Abandon hope, all ye who enter here

Homeless people, hypochondriacs and the lonely gather inside, ignored by all until they’re asked to leave, clutching their possessions, imaginary ailments and life stories close.

I’m bundled inside, my forms lost in the hustle and bustle of A&E, into a waiting room of injured people.

Gunshot and stab victims raid the vending machines, children run riot and nurses take verbal abuse in their stride.

Nobody notices me clutching my skates, swollen arm, pale face until I demand some drugs and sit alone waiting…

…and waiting. Nobody’s moved, people are frustrates and I’m in serious pain. It’s been two hours and I’ve had enough so I ask when I will be seen. Seven people in front of me, two people going in per hour… I’ll never get home!

Journey to the centre of the earth

I act quickly and jump into a taxi in front of the smoking pregnant woman in pursuit of the tube. The driver chats away on his mobile phone and drops me too far from the entrance so I run…

A small girl with a sling is ushered through barriers without a thought and I reach Waterloo… one minute too late.

My luck turns and my train is late so I get on it and get a seat, surrounded by sympathetic people offering me help, love and assistance. Commuters have never been friendlier; I’ve never been so mollycoddled.

Everyone is eager to share their own stories, offering me their number or a lift in case I am stranded in the middle of the night.

A night to remember

At the Royal Surrey the wait is short, yet inpatients steal my X-ray slot and my tears fall as I remember a previous trip for another’s broken arm. Those waiting for relatives comfort me and tell amusing stories to cheer me up.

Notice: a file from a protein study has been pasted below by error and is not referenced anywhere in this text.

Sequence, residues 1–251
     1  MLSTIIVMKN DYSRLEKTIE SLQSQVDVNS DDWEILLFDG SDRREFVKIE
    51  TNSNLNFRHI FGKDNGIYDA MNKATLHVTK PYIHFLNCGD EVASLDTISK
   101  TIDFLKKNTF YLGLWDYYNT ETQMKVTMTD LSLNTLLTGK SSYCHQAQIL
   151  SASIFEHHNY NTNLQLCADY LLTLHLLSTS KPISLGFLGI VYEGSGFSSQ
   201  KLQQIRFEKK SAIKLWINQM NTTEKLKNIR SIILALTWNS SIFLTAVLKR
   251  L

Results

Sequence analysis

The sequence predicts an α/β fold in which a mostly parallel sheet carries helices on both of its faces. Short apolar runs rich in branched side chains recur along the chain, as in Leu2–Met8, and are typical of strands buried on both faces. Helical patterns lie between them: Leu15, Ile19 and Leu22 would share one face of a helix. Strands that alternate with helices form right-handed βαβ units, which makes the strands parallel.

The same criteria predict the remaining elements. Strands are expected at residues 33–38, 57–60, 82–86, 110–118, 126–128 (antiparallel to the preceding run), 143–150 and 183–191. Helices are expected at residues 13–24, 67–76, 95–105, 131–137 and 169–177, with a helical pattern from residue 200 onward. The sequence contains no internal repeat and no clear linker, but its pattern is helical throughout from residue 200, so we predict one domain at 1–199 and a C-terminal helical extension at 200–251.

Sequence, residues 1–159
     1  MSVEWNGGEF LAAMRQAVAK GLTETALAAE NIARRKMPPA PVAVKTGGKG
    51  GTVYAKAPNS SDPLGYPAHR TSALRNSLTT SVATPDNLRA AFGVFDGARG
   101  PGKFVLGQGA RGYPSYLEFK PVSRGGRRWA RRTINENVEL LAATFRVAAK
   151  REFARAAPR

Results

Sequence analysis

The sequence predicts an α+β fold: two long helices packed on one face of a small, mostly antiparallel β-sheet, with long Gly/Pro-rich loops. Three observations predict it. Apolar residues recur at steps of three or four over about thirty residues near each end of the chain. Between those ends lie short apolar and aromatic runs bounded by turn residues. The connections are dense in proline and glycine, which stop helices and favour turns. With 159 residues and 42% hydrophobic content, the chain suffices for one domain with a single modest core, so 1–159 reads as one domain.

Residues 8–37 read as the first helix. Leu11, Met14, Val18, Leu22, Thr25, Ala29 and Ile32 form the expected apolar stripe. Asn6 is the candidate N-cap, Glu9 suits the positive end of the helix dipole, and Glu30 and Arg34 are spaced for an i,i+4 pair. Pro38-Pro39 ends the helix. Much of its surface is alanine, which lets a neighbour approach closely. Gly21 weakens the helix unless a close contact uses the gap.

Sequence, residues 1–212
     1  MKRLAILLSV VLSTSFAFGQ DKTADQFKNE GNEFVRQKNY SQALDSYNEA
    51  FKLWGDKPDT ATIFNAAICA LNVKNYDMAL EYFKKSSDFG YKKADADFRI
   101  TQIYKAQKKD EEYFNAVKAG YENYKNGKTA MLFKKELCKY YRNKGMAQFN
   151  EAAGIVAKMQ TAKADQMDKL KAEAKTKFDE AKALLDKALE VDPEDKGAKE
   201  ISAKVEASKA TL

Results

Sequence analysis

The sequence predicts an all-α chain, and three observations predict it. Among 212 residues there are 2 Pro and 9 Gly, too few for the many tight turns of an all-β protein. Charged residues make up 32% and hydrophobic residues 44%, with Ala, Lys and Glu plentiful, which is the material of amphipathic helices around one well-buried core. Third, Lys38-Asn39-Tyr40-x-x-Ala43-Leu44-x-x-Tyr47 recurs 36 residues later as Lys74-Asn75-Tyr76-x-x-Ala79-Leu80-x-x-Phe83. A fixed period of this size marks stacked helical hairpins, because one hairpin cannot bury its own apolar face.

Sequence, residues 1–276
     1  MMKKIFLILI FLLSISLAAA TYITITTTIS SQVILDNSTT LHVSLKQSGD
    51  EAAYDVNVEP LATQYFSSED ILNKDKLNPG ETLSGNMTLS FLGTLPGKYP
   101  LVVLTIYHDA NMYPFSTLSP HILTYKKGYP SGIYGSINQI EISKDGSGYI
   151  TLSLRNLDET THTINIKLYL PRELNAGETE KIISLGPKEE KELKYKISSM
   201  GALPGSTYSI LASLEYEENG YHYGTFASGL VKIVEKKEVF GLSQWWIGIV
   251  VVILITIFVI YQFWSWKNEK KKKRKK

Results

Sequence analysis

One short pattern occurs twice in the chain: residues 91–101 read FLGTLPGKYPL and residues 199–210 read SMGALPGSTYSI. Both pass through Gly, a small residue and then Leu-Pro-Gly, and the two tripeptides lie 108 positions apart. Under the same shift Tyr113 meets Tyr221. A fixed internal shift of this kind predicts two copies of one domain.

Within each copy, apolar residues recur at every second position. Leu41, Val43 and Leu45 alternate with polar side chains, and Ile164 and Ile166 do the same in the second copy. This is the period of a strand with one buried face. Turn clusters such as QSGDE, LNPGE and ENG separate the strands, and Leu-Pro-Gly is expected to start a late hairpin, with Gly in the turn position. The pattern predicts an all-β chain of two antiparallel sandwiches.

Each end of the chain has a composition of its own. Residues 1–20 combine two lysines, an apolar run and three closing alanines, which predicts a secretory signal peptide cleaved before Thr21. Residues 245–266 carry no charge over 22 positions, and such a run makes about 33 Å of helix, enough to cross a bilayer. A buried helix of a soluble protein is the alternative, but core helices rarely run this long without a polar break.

Around 2am my worst fears are confirmed – one broken wrist, two fractured bones and surgery likely.

There’s nothing for it but to try to get some sleep…

…but that’s a silly idea as my arm has to be half plastered and I have to be swabbed, stabbed and squeezed. The ‘nil by mouth’ sign goes up and at 4am I’m left alone.

Except that the other patients are intent on keeping me awake as one brought in starts to scream and hit out at the nurses who are trying to kill her.

I’ve never felt more alone.

Oh what a beautiful morning

Sleep comes eventually until I’m woken at 6am by the hoover and a nice nurse telling me she’ll sit me up for breakfast… which I’m not allowed because of the possibility of surgery.

Books are brought but I can’t turn the pages so it’s tiring and all I want to do is scream and sleep.

My body is exposed to radiation several more times as I am wheeled around the hospital and a new cast is put on.

Nobody tells me anything and I still don’t know if I’m having surgery.

I’m tired and starving and annoyed that they’ve reduced the amount of morphine in my drip.

Despite my polite frustration I’m still a favourite of the nurses (I’m young and sane), so I do get extra drugs and am promised food once they know more.

At the end of the day

Finally just before visiting hours finish I’m told that surgery won’t be necessary and I can go home.

It’s almost 4pm. I’ve missed three meals and am edgy to say the least.

A wonderful nurse brings me sandwiches, tea and biscuits and I’m so hungry I don’t even mind that it’s fake bread with butter, cheese and tomato which normally I wouldn’t eat.

As I’m discharged and everyone hugs me and waves me goodbye, I have only one thought in my mind:

I’ve definitely got my money’s worth out of the NHS this year!